Designing simple tools for complex messages

Recently every news article seems to refer to budget cuts as a result of the global financial meltdown.  I have read 20 different articles and still do not feel like I fully understand the problem.  As a voting member of the British public it is in my government’s best interests that I understand both the scale of cuts required and where these must take place. How can I begin to understand such a complicated subject?  How can the internet help me understand?

In my previous article I discussed how interactive tools could be used to encourage learning on a website.  Online tools and widgets naturally generate a higher level of engagement amongst visitors for a variety of reasons; they are more visual, you can play with them; they help answer your questions!  Tools allow us to understand a subject through exploration and rehearsal without any risk if we go wrong.  We all know the best way to learn something is to do it yourself!  This engaged risk-free learning, I believe, is the secret strength of online tools.   They persuade learning through a subtle and passive process.

I previously referenced the BBC News website in this regard and again on the subject of budget cuts they have delivered a great tool - Budget: What would you cut?

BBC Budget tool showing slide bars against government department spending

Budget: What would you cut?

Using this interactive tool, a user can operate a series of slide rules to determine the extent that they will cut government spending or raise taxes (Warning: SIM City it is not!).  Every time a user completes an action they are told of the consequences.  For example, if I reduce government spending on welfare the tool tells me how much I am reducing the weekly basic pension.

After a few minutes of playing with this tool I felt that I had learnt so much more about the difficult tasks facing us in the next few years.  After reading dozens of articles in the last few weeks and learning nothing, how, after a matter of minutes, did this tool “unlock” the mystery of the UK’s financial problems?

Simple Tool: Complex Task

For starters the tool is really easy to use!  Ten slide bars that I can tweak up and down as long as I want, that’s it!

The simplicity of the interface however, is not the tools’ greatest strength. The tools’ greatest achievement is in taking all of the economic lingo, hazardous maths, media buzz words and veiled political undertones that normally accompany budget cut news articles and condensing them into those ten slide bars.

As a measure of economic policy, the tool is woefully inadequate.  That’s not the point!  The point is to highlight to the average person in the street how difficult the job of managing the financial deficit is and how nearly all aspects of our society will be affected.

It’s a common problem encountered in design where we insist on trying to say everything.  What do people really need to know in order for me to get my message across?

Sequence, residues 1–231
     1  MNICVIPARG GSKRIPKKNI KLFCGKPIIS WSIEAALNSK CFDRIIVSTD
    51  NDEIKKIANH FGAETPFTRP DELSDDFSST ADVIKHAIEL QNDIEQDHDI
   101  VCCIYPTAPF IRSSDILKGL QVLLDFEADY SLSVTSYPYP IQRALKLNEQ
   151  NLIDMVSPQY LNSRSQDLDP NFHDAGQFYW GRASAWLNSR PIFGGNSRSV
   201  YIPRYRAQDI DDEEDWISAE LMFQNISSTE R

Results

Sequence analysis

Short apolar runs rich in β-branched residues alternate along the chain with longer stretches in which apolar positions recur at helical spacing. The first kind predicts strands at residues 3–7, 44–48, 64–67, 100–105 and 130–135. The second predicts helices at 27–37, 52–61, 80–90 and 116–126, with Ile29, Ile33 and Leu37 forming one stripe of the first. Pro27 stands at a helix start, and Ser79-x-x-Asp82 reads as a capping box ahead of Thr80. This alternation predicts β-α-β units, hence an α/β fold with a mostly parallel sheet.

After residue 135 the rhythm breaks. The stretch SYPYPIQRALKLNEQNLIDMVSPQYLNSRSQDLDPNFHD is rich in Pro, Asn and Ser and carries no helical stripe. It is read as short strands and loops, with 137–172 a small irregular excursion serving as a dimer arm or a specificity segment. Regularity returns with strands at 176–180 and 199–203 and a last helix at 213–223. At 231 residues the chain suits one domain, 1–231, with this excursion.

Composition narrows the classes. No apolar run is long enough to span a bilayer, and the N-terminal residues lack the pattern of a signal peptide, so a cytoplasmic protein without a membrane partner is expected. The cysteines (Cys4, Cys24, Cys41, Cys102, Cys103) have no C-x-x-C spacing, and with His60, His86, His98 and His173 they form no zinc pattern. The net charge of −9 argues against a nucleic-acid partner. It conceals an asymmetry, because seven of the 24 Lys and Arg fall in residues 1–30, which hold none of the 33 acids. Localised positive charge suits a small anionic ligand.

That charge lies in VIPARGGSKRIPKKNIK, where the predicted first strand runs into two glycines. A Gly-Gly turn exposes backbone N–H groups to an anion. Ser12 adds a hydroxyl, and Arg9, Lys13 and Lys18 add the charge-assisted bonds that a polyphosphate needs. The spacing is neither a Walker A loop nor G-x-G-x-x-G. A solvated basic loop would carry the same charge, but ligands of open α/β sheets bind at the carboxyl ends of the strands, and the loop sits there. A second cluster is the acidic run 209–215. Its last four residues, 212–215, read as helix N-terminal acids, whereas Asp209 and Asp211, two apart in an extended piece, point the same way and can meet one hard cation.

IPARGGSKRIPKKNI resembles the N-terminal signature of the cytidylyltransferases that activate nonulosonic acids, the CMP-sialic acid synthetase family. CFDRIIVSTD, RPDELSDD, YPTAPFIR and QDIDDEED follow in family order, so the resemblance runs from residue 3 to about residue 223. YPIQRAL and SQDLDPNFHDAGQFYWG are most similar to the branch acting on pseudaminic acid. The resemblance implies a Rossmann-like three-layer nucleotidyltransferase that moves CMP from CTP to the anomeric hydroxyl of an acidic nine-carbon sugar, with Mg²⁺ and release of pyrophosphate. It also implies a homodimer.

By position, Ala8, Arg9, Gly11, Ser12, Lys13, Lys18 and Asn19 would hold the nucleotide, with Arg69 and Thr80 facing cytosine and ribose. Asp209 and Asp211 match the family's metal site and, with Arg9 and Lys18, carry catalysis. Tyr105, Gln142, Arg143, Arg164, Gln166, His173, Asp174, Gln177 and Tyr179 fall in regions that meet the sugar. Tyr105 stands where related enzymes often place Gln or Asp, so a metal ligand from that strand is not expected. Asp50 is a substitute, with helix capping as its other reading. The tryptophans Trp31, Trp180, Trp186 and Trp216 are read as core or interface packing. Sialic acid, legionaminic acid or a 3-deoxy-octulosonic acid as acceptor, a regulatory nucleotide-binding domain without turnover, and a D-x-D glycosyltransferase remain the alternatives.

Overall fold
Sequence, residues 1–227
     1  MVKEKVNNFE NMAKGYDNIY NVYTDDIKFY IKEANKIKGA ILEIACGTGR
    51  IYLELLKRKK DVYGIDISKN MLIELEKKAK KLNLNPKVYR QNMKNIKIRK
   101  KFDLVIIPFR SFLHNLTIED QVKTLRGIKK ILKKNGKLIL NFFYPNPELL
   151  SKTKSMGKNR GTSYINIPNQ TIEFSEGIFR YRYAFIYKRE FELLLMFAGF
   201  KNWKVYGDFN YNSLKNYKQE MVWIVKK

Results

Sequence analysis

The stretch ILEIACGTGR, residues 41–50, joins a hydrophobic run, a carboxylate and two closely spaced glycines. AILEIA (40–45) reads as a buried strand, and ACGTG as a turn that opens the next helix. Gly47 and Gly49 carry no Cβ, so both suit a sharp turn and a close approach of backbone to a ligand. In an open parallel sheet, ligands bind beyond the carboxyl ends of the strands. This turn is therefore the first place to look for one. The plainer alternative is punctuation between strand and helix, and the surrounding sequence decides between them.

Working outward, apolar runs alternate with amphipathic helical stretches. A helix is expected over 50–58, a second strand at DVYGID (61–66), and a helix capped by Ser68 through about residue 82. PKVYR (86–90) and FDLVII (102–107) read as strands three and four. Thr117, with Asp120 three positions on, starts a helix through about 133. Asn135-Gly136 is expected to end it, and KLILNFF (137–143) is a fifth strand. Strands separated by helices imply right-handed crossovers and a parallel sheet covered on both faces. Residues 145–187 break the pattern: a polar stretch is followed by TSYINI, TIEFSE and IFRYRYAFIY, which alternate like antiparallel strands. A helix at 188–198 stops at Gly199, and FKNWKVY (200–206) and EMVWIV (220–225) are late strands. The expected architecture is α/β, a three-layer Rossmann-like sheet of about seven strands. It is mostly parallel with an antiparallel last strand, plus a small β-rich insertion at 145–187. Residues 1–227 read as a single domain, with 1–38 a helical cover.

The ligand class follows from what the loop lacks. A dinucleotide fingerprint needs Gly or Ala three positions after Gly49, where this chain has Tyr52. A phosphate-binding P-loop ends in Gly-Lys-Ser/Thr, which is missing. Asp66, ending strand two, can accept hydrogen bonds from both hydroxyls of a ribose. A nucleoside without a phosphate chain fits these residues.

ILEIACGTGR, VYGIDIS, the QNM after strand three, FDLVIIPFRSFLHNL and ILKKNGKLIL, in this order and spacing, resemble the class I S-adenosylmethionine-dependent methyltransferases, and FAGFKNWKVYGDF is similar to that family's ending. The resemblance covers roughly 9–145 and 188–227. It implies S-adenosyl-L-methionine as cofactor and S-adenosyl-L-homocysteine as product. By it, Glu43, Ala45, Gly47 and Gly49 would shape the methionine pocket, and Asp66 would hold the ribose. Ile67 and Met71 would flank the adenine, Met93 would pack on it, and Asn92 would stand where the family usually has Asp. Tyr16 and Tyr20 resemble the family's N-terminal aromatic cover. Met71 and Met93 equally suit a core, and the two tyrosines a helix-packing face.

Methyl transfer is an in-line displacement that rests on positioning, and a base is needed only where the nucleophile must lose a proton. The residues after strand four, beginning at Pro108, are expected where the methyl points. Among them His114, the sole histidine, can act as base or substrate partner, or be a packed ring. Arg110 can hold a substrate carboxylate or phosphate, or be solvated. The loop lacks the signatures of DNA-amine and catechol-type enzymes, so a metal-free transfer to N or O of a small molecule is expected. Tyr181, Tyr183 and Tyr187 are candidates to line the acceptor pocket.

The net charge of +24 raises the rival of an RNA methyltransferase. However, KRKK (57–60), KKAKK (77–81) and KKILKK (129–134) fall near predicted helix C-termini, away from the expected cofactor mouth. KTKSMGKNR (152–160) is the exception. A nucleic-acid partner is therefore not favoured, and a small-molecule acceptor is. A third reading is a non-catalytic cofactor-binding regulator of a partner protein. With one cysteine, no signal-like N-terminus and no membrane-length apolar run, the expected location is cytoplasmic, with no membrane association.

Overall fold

Engagement through consequences

The second major strength of the tool is it displays the consequences of each action the user takes.  Every time I adjust one of the slide bars it tells me the impact upon society.  How many of us feel comfortable adjusting the “Welfare” slide bar when every movement tells us how much money we are taking away from Grandma on a weekly basis?

By prominently displaying the consequences the tool forces the user to ask themselves difficult questions.  “How could I be responsible for reducing the size of our armed services given the conflicts our troops face?”

The tool is successful because it produces real world outputs, which real people can understand and relate too.

The final message: “It’s harder than it looks”

The third strength of the tool is the end target that a user must achieve.  A user is asked to produce cuts or raise taxes that total £74 billion pounds a year.  It is very hard to achieve this target without being ruthless.

The tool is easy to use but it is difficult to get the “correct” answer.  By ensuring that the user must have several attempts at being successful the tool is inherently reinforcing the message that difficult times lie ahead.  When coupled with the prominent display of consequences, the user is left with the overriding feeling that no matter what is done, there is no easy answer to the problem of the budget deficit.

In my previous captology articles I have endeavoured to try to make you think differently about the way you tell (or sell) your messages online.  How many businesses would benefit if their customers had a greater level of understanding about their services or products? Next time you are struggling to convey a complex message perhaps the use of an interactive tool may help?

Given the progress of the web in recent years, the development of interactive tools is no longer a scary prospect.  However, we must endeavour to ensure that these tools are designed to deliver the right message.

Despite not carrying a happy message, the BBC Budget tool is very successful at conveying an understanding to users about a very complex issue.  Another good example of learning through an interactive tool can be found on the Greenpeace website.  I will leave it up to you to critique the success of “Efficient City”.

Finally, having discussed the depressing nature of Britain’s financial future I would like to cheer my readers up with a picture of a puppy, enjoy!

Picture of cute brown puppy